The FSA photographs, along with Pare Lorentz's government-sponsored documentaries The Plow That Broke the Plains (1936) and The River (1937), with their images of drought, flood, and other rural calamities, helped Gregg Toland (the cinematographer) and John Ford (the director) give authenticity to their 1940 screen adaptation of Steinbeck's The Grapes of Wrath. (Indeed, the poetic narration and visual beauty of the Lorentz films actually influenced Steinbeck as he was writing the original novel.) The Ford film, in turn, fixed the iconography of the thirties for future generations. We can see its long afterlife in films like Hal Ashby's 1976 biography of Woody Guthrie, Bound for Glory.
Surprisingly, this look was more meaningful to posterity than to the people of the period. In his fine book Documentary Expression and Thirties America, William Stott described how the government, business leaders, and even economists suppressed or sweetened the unpleasant facts during the early years of the Depression. Until Fortune published an article in September 1932 called "No One Has Starved," establishment newspapers, magazines, and radio programs downplayed or ignored the Depression and portrayed the country, as Hoover himself did, in business-as-usual terms.3 For years the Depression was underreported; it went against the grain of laissez-faire optimism, a widespread belief, revived in the 1980s and 1990s, that the system was self-correcting.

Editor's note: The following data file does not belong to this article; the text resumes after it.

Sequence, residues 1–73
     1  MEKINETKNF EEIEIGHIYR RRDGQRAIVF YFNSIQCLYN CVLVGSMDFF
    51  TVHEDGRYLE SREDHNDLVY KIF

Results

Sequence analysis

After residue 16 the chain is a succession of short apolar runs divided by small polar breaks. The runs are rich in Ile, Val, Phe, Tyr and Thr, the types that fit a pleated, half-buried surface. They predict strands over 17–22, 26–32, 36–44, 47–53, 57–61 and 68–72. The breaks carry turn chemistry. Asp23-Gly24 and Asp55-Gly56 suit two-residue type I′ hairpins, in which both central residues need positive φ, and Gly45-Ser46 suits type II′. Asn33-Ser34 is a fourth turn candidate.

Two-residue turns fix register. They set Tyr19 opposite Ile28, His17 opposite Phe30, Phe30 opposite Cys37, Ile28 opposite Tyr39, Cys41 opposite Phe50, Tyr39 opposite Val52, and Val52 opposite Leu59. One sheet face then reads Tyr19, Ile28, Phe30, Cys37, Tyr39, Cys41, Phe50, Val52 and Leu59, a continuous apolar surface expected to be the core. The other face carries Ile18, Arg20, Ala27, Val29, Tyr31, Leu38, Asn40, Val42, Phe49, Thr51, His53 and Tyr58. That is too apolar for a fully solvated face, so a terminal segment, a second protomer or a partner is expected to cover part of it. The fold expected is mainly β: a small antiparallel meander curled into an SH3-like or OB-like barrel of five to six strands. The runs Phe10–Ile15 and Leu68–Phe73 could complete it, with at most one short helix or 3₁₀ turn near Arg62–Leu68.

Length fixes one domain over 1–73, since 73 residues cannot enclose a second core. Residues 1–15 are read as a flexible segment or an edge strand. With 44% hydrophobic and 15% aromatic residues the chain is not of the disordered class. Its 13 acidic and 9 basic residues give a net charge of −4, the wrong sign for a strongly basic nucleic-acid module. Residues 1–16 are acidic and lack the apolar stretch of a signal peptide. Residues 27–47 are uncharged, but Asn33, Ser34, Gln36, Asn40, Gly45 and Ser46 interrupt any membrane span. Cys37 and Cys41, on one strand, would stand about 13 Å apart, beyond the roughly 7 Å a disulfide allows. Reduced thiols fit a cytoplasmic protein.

This virtual blackout of bad news gave impetus to the documentary movement, to radical journalism, and to independent films like King Vidor's pastoral fable Our Daily Bread (1934), which shows the old American individualism giving way to a utopian sense of community on a Russian-style collective farm. A few years later, an upbeat Life magazine, founded in 1936 as the vehicle for a new photojournalism, complained that "depressions are hard to see because they consist of things not happening, of business not being done."4 Needless to say, Life published none of the stomach-churning pictures of rural misery taken by its star photographer, Margaret Bourke-White, in 1936 and 1937. They appeared instead in a book she wrote with Erskine Caldwell, You Have Seen Their Faces, whose accusing title reminds us that a great deal of suffering, poverty, and unemployment was invisible, except to those who cared to look for it, and look at it. In his second inaugural address, on January 20, 1937, FDR described it this way: